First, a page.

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Beginner Skills

Prof. Hike: Leave Blisters in the Dust

Blisters are the most common on-trail injury, but blisters are also easy to prevent.

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If Backpacker asked its readers to list the top problems that could ruin an otherwise fine trail day, I bet the first three responses would be rain, mosquitoes, and blisters. Attacks by wild animals might be fourth. But while every grizzly charge makes the CNN news ticker, the risk of getting chomped by a bruin is miniscule compared to being drenched, itchy, or lame. Looking at these top annoyances, it’s clear that storms and bugs are natural acts that can’t be eliminated. But since blisters are entirely manmade, the ability to prevent them is wholly within your power.

That fact might surprise hikers who believe that blisters are as random as a lightning strike. After all, why do we get blisters on some trips, and not others? And why can we walk five miles without a single hot spot during one hike, and two weeks later, our feet turn to mincemeat after going half a mile? The answer is simple: Blisters require the perfect blend of friction, moisture, heat, and pressure inside your boots. Certain conditions—like a hot, muggy trek with lots of elevation changes—can create a blister factory, while a cooler, flatter hike might leave your feet safe. Footwear and sock choices also play a major role in blister formation. But since you can control many of these factors, you can also increase your chances of a blister-free hike. If that sounds appealing, add the following tips to your pre-trip routine.

Think Ahead About Footwear
The night before you leave for a trip isn’t the best time to choose which boots to wear. Not only does this last-minute approach increase the chance you’ll make a rushed decision, but you’ve also lost valuable break-in time. Pick your hiking kicks as far ahead of time as you can, basing the decision on the terrain, your pack weight, and the weather forecast. Once you’ve chosen a pair, wear them as much as you can around the house, up and down stairs, doing errands, and on practice hikes. If you’re worried about blisters, test your footwear while wearing a weighted pack (use flour bags, rope coils, or food cans as ballast). The extra load can change how your foot pivots inside the shoe and alter where your heel or toes might rub. If your tall, clodhopper boots give you frequent blisters, downsize to trail shoes or light hikers. These low- and mid-top hikers look and fit like athletic shoes, but retain boot-like durability and grip to handle rougher trail conditions. As a result, trail shoes are often more comfortable, faster to break in, and less likely to promote blisters. After years of limping along in tall boots, Prof. Hike is now a blister-free convert to light hiking shoes.

Keep Socks Dry, Clean, and Fresh
Comfortable, broken-in footwear is only one part of the anti-blister equation. Another key ingredient is socks. Not only do socks provide extra padding, but they also remove sweat and moisture to keep your feet dryer. Moisture increases friction, which accelerates the blistering process. That’s why wicking socks made from wool or synthetics are superior to cotton, which stays damp after getting wet. If your feet sweat a lot, bring extra wicking socks so you can change into a clean, dry pair at midday. Wash or rinse dirty socks and hang them on the outside of your backpack so they’ll be dry and ready for your next change-over.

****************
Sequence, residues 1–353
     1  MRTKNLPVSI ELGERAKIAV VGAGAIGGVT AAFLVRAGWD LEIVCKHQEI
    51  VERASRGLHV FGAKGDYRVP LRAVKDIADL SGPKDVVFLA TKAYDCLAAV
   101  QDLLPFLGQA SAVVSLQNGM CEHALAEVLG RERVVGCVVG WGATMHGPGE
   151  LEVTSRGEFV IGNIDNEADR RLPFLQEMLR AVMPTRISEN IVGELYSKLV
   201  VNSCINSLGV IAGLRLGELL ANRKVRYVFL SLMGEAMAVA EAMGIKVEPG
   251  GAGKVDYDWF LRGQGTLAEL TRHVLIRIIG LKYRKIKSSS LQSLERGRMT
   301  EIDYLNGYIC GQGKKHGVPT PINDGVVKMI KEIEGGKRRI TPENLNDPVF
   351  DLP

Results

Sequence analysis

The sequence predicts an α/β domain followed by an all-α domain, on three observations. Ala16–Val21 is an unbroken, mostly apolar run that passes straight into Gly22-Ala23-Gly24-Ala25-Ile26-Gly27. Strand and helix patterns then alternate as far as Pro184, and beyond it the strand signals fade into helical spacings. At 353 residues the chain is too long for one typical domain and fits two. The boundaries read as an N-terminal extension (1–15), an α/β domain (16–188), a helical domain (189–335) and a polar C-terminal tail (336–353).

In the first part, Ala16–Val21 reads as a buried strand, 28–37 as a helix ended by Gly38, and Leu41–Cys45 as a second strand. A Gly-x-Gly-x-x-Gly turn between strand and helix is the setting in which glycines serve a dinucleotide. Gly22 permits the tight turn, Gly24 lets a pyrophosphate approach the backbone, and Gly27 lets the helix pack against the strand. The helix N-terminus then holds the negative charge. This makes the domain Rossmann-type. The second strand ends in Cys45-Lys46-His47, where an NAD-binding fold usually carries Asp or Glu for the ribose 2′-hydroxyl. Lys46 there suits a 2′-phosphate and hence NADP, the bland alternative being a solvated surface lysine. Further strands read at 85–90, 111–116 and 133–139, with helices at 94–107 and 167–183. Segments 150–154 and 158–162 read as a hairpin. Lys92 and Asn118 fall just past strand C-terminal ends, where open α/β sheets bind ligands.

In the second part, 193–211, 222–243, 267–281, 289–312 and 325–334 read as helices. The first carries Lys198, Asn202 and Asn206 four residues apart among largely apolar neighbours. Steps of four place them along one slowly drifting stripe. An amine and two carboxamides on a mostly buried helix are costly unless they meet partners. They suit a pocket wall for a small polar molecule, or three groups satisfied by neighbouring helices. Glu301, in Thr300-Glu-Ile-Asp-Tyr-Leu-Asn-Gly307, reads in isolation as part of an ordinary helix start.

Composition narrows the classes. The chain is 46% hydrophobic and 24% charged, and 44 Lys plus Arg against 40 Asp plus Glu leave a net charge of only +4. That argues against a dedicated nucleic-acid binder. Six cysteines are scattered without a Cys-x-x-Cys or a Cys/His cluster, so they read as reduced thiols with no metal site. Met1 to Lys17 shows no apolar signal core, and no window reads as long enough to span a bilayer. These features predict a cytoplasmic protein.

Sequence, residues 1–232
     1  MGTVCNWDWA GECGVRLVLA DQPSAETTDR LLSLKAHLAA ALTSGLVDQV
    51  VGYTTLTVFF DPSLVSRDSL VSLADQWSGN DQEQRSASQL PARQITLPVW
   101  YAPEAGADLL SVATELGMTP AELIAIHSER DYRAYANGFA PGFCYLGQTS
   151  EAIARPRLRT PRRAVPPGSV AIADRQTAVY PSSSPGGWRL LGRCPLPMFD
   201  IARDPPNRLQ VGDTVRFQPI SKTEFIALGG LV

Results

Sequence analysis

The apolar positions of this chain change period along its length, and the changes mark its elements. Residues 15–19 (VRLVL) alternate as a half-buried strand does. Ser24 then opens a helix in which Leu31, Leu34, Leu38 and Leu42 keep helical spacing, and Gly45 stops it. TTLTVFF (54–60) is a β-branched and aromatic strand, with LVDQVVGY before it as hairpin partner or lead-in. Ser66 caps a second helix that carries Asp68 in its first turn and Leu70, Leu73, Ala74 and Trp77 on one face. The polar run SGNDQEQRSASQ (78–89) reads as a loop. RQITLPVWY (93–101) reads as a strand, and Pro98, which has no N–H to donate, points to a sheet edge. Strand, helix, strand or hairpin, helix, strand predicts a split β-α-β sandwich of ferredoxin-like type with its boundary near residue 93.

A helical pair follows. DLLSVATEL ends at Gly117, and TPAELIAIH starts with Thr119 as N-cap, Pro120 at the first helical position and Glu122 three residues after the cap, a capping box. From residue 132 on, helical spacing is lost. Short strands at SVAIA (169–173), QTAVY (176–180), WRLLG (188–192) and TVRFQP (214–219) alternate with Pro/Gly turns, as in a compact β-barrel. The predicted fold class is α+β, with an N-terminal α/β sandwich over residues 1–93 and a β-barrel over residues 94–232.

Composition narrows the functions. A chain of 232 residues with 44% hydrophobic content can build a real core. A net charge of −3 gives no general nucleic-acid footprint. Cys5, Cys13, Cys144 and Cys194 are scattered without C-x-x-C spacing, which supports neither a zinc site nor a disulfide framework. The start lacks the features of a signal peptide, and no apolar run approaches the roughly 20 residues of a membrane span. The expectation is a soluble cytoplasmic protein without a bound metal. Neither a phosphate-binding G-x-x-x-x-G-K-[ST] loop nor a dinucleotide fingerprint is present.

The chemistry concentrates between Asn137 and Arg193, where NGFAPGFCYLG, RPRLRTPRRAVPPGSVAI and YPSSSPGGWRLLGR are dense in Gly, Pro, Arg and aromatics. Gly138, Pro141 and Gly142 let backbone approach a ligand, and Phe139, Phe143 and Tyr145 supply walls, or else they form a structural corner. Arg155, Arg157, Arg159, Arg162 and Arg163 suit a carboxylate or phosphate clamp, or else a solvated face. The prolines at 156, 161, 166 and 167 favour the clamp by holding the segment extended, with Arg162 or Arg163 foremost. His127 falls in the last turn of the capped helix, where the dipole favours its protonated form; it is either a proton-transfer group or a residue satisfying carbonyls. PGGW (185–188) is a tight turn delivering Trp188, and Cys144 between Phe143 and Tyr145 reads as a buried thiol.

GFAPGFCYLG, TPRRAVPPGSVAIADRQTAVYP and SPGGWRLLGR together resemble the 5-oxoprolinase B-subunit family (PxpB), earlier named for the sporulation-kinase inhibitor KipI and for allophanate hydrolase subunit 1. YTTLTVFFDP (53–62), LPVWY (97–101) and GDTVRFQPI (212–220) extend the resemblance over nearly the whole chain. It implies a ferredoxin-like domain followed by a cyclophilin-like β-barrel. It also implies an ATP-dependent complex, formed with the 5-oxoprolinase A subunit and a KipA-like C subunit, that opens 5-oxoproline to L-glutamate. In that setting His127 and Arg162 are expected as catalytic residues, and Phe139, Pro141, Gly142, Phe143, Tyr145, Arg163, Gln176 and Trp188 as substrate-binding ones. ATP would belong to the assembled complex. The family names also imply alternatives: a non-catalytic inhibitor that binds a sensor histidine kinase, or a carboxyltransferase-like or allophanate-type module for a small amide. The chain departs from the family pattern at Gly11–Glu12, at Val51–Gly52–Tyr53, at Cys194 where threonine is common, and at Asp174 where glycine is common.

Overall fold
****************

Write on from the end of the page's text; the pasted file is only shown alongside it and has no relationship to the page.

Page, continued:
During my Boy Scout days, I often wore two pairs of socks—a thin silk or synthetic liner underneath a thicker wool sock. The rationale for two socks is that they will slide against each other instead of against your skin. While this layered approach no longer works for me, go ahead and give a try. Just make sure the double sock layers don’t cramp your toes—too much pressure can lead to blisters, especially while going downhill.

Be Proactive on the Trail
Blisters give fair warning before they appear. They begin as a red skin irritation called a hot spot before warming themselves to a full-blown blister. The transition from redness to pus-filled sac gives you time—up to 10 minutes—to stop hiking and activate countermeasures. Now Backpacker magazine and many hiking books recommend isolating the irritated skin of a hot spot from further friction by surrounding it with a cushioning donut of moleskin and bandages. Prof. Hike doesn’t agree.

In my experience, even the strongest bandage origami doesn’t stand a chance against the squishy pressure and heat inside a boot. At most, a moleskin donut will last a few hundred yards before it becomes smeared like old chewing gum across your increasingly raw skin. Plus, once you develop a hot spot, the likelihood of preventing it from becoming a blister is very slim. You might as well focus your efforts on reducing the coming pain and risk for infection. So, instead of moleskin donuts, I recommend a more radical approach. At the first sign of a hot spot, wrap the affected skin (usually the heel or toes) in several layers of duct tape. This silvery, low-friction tape creates a slippery barrier between a rough boot and tender skin. (Hint: Wrap several feet of duct tape around a plastic water bottle to keep it accessible). If the skin is already red and tender, cover the wound with one or more adhesive bandages and antibiotic ointment before you apply the duct tape. Some hikers even pre-wrap their feet in duct tape if they tend to develop blisters in certain spots. While removing the tape will be a painful experience, it can be done in the comfort of your home after you return from the trip.

Did you solve your blister problem? Tell us how. Post a comment below, or send an email to

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